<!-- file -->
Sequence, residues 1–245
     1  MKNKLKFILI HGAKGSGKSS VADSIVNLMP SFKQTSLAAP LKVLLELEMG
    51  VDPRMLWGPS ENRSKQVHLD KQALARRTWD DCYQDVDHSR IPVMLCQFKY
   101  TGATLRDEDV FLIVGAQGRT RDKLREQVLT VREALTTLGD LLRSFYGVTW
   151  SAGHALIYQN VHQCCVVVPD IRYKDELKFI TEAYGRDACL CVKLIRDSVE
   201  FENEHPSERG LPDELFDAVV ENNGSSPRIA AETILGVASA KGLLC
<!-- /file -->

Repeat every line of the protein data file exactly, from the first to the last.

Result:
Sequence, residues 1–245
     1  MKNKLKFILI HGAKGSGKSS VADSIVNLMP SFKQTSLAAP LKVLLELEMG
    51  VDPRMLWGPS ENRSKQVHLD KQALARRTWD DCYQDVDHSR IPVMLCQFKY
   101  TGATLRDEDV FLIVGAQGRT RDKLREQVLT VREALTTLGD LLRSFYGVTW
   151  SAGHALIYQN VHQCCVVVPD IRYKDELKFI TEAYGRDACL CVKLIRDSVE
   201  FENEHPSERG LPDELFDAVV ENNGSSPRIA AETILGVASA KGLLC